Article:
Museums, armatures for collective societal experience and cultural expression, present new ways of interpreting the world. They contain knowledge, preserve information and transmit ideas; they stimulate curiosity, raise awareness and create opportunities for exchange. As instruments of education and social change, museums have the potential to shape our understanding of ourselves and the world in which we live.

As our global environment faces ever more critical challenges, a broader understanding of the interdependence of natural systems is becoming more essential to our survival and evolution. Museums dedicated to nature and science play a key role in expanding our understanding of these complex systems.

The new Perot Museum of Nature and Science in Victory Park will create a distinct identity for the Museum, enhance the institution’s prominence in Dallas and enrich the city’s evolving cultural fabric. Designed to engage a broad audience, invigorate young minds, and inspire wonder and curiosity in the daily lives of its visitors, the Museum will cultivate a memorable experience that will persist in the minds of its visitors and that will ultimately broaden individuals’ and society’s understanding of nature and science.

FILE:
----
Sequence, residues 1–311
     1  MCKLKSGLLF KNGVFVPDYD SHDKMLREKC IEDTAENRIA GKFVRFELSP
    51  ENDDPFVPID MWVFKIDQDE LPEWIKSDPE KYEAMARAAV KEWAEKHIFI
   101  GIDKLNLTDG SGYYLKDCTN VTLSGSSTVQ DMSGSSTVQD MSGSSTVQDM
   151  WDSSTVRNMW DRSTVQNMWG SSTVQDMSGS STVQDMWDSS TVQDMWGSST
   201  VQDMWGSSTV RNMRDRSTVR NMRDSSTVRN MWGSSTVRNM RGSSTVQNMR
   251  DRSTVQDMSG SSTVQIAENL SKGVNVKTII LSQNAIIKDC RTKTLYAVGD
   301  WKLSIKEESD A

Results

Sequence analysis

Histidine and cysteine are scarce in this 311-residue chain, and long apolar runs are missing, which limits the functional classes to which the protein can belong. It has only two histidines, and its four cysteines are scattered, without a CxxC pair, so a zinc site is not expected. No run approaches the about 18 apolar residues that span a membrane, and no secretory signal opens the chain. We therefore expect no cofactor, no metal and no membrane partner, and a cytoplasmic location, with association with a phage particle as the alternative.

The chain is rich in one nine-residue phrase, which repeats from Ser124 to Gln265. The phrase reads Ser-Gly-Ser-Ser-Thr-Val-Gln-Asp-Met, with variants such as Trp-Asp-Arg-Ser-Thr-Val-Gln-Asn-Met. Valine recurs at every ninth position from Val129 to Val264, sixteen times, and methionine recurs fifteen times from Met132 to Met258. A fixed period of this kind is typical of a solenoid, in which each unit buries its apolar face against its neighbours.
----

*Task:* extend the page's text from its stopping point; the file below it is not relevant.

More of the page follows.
The Museum will strive to achieve the highest standards of sustainability possible for a building of its type. High performance design and incorporation of state of the art technologies will yield a new building that will minimize its impact on the environment.

This world class facility will inspire awareness of science through an immersive and interactive environment that actively engages visitors. Rejecting the notion of museum architecture as neutral background for exhibits, the new building itself becomes an active tool for science education. By integrating architecture, nature, and technology, the building demonstrates scientific principles and stimulates curiosity in our natural surroundings.